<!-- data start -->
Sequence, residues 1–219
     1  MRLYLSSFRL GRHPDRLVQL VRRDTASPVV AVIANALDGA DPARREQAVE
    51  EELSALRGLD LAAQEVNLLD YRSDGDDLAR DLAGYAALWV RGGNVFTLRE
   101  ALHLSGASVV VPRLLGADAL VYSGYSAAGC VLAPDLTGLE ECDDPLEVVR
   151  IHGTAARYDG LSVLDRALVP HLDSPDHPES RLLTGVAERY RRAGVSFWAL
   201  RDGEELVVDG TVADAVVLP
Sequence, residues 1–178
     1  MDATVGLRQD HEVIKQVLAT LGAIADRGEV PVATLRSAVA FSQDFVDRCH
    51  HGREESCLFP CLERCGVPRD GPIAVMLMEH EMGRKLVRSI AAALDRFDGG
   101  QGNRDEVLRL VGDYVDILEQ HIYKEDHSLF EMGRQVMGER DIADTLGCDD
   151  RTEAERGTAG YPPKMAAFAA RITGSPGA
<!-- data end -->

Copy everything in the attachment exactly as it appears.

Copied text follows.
Sequence, residues 1–219
     1  MRLYLSSFRL GRHPDRLVQL VRRDTASPVV AVIANALDGA DPARREQAVE
    51  EELSALRGLD LAAQEVNLLD YRSDGDDLAR DLAGYAALWV RGGNVFTLRE
   101  ALHLSGASVV VPRLLGADAL VYSGYSAAGC VLAPDLTGLE ECDDPLEVVR
   151  IHGTAARYDG LSVLDRALVP HLDSPDHPES RLLTGVAERY RRAGVSFWAL
   201  RDGEELVVDG TVADAVVLP
Sequence, residues 1–178
     1  MDATVGLRQD HEVIKQVLAT LGAIADRGEV PVATLRSAVA FSQDFVDRCH
    51  HGREESCLFP CLERCGVPRD GPIAVMLMEH EMGRKLVRSI AAALDRFDGG
   101  QGNRDEVLRL VGDYVDILEQ HIYKEDHSLF EMGRQVMGER DIADTLGCDD
   151  RTEAERGTAG YPPKMAAFAA RITGSPGA